Two people, call them $A$ and $B$, decide to play a card game. They take 2 standard decks of playing cards and combine them into a "superdeck" of 104 cards, shuffle them well, and then draw 1 card at a time randomly without replacement. $A$ immediately wins if 13 cards of any single suit are drawn. $B$ immediately wins if at least 18 black and at least 18 red cards are drawn. If they both "win" on the same card draw it is a tie (no decision) and they start over with all 104 cards after reshuffling. They bet even money—dollar for dollar matching. Who, if anyone, has the advantage of winning and by how much?

Note that all cards are shared "community" cards so the players are not drawing their own set of cards.

If someone would like to comment on if and how the probability changes if they draw their cards in tandem, that would be very interesting and informative. For example, two cards would be drawn at a time, giving one to $A$ and one to $B$, and then checked if anyone won or if they tied. This is an optional bonus question and not required to earn the checkmark for best answer.

Simulating 1,000,000,000 (1 billion) decisions (including ties) of the original question (shared cards), I got the following winning percentages: $$ A\quad 38.7855918\%\\ B\quad 59.7770491\%\\ \textrm{Tie}\quad 1.4373591\% $$

Minimum # of cards : $14$ (A disappointment as I was expecting it to be $13$)
Maximum # of cards : $42$
Average # of cards : $37.1902$

Note that at "first glance", some people might think that $A$ has the advantage because $A$ can win with as few as 13 cards but B needs 36 cards at a minimum to win. However, look at how much $B$ is actually favored to win. Another thing that somewhat surprised me is the average number of cards for someone to win (or tie) is about 37, only about 1 card more than $B$'s minimum needed to win. That might also imply that $A$ has an advantage. What if I reworded the question to also state that the average number of cards for a decision is slightly over 37, would most people then think at first glance that $A$ has an advantage, possibly a huge one? Yet another thing that might mislead people into thinking that $A$ has a large advantage is that $A$ is guaranteed not to lose if at least 42 cards are drawn. At that point either $A$ has won or tied. Kudos to the person that suspected that $B$ was the favorite from the start because he didn't let these false biases sway him towards $A$ being the favorite.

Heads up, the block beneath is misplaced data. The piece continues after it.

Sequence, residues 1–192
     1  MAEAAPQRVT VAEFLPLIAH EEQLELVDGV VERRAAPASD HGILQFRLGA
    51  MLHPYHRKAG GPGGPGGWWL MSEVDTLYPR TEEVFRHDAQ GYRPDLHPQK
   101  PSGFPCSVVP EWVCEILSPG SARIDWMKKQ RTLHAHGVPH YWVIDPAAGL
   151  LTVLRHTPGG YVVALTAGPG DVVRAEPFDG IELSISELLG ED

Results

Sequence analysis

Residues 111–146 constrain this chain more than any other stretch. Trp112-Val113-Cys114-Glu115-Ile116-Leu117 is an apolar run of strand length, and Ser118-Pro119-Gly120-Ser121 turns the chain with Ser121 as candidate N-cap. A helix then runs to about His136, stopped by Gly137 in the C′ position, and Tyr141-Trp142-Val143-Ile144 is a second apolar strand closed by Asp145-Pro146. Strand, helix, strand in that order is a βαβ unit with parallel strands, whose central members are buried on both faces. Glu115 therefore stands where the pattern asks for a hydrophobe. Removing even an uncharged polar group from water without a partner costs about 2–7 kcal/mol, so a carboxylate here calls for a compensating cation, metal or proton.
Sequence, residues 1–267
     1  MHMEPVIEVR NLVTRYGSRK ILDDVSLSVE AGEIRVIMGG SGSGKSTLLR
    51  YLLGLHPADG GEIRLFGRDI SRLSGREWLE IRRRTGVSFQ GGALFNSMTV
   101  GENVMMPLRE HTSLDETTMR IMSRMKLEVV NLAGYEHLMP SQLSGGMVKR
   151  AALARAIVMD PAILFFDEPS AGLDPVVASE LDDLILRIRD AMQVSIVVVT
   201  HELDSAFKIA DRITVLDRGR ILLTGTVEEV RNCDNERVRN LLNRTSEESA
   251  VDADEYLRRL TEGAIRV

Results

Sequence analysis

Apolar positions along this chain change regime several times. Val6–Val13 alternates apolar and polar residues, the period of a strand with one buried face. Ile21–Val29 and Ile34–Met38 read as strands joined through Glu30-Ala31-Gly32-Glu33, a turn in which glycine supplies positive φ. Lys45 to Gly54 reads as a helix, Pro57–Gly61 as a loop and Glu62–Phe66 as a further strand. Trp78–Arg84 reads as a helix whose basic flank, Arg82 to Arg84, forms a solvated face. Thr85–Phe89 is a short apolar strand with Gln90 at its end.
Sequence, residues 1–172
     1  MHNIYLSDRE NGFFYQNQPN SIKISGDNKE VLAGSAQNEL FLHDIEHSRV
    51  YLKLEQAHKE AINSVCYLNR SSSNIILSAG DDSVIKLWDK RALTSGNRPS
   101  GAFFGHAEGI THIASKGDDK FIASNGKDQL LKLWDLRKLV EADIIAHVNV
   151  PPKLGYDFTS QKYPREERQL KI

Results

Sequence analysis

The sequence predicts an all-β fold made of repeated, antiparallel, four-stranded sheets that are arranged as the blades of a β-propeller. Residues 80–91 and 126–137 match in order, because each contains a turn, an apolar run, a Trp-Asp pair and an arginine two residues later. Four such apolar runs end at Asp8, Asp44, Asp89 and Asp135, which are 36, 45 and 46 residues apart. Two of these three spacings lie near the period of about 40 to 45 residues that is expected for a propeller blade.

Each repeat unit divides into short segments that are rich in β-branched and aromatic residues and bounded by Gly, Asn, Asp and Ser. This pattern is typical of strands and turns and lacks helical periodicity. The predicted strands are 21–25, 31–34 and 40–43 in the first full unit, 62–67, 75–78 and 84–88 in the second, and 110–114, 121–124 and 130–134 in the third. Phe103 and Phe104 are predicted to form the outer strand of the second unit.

I ran the alternate simulation giving each player their own cards and got some interesting results. $B$ remains the favorite at about $57.1\%$ to $A$'s $36.8\%$ which means the ties more than quadrupled to about $6.1\%$. The average number of cards slightly more than doubled from about 37 to about 75 with a low of 28 and a high of 94 (in ten million decisions).

Perhaps one way to simplify getting the answer to this original problem is to start the game by immediately turning over 35 cards since $B$ cannot win with less than 36 cards. Check if $A$ won at 35 cards. If not, then draw cards 36 thru 42 one at a time checking for a winner. By draw 42 someone will have won or there is a tie. So would the prob of $A$ winning on a 35 card draw be: $$ \large \frac{4\times {26 \choose 13} \times {78 \choose 22}}{{104 \choose 35}} $$

That is about $10\%$. There may be two 13 card flushes in that but we don't care as long as there is at least 1.

Also it is interesting to note that in the original game with shared cards, $42$ cards is the max for a win or tie because of the $25+17$ situation but with separate hands, that doesn't happen so the max # of cards drawn can exceed $84$ (which is $2$ * $42$) and in my simulation is did exceed it as it maxxed out at $94$ cards, not $84$. For example, B could get $29$ black cards and $17$ red cards but A could have $12, 12, 11,$ and $11$ of each suit (respectively) so at that point, neither is a winner and $2$ more cards would be drawn (almost exhausting the deck of $104$). The max number of cards ever for the separate card variation of this game seems like $94$ but I am not certain yet.